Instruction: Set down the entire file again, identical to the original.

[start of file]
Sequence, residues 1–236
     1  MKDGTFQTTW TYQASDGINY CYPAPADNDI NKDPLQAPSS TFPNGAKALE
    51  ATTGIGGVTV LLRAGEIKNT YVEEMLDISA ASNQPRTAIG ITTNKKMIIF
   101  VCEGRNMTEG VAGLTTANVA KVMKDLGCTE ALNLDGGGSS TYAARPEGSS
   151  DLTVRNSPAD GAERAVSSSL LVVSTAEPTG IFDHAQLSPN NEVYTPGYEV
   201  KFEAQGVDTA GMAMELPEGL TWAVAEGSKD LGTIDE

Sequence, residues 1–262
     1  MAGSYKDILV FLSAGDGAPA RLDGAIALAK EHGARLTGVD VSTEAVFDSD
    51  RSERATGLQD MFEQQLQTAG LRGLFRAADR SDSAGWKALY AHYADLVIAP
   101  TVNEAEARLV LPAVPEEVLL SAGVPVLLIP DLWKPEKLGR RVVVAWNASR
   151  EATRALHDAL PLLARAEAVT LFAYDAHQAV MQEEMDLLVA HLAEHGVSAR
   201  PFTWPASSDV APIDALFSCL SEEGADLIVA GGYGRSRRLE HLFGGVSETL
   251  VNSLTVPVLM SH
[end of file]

Sequence, residues 1–236
     1  MKDGTFQTTW TYQASDGINY CYPAPADNDI NKDPLQAPSS TFPNGAKALE
    51  ATTGIGGVTV LLRAGEIKNT YVEEMLDISA ASNQPRTAIG ITTNKKMIIF
   101  VCEGRNMTEG VAGLTTANVA KVMKDLGCTE ALNLDGGGSS TYAARPEGSS
   151  DLTVRNSPAD GAERAVSSSL LVVSTAEPTG IFDHAQLSPN NEVYTPGYEV
   201  KFEAQGVDTA GMAMELPEGL TWAVAEGSKD LGTIDE

Sequence, residues 1–262
     1  MAGSYKDILV FLSAGDGAPA RLDGAIALAK EHGARLTGVD VSTEAVFDSD
    51  RSERATGLQD MFEQQLQTAG LRGLFRAADR SDSAGWKALY AHYADLVIAP
   101  TVNEAEARLV LPAVPEEVLL SAGVPVLLIP DLWKPEKLGR RVVVAWNASR
   151  EATRALHDAL PLLARAEAVT LFAYDAHQAV MQEEMDLLVA HLAEHGVSAR
   201  PFTWPASSDV APIDALFSCL SEEGADLIVA GGYGRSRRLE HLFGGVSETL
   251  VNSLTVPVLM SH